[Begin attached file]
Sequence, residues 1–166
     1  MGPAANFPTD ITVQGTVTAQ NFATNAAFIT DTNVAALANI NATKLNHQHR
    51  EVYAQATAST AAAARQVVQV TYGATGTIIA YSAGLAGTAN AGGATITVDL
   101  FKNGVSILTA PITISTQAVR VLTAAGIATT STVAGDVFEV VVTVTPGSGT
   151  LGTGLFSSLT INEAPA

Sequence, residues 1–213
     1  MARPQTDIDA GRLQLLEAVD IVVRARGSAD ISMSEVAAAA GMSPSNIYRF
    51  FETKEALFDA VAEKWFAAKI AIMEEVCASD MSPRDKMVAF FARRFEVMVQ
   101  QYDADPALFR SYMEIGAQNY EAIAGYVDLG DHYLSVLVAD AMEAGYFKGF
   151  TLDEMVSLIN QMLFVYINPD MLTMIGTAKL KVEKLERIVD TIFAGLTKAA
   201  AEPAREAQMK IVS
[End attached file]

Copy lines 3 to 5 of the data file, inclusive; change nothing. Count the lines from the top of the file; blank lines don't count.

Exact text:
    51  EVYAQATAST AAAARQVVQV TYGATGTIIA YSAGLAGTAN AGGATITVDL
   101  FKNGVSILTA PITISTQAVR VLTAAGIATT STVAGDVFEV VVTVTPGSGT
   151  LGTGLFSSLT INEAPA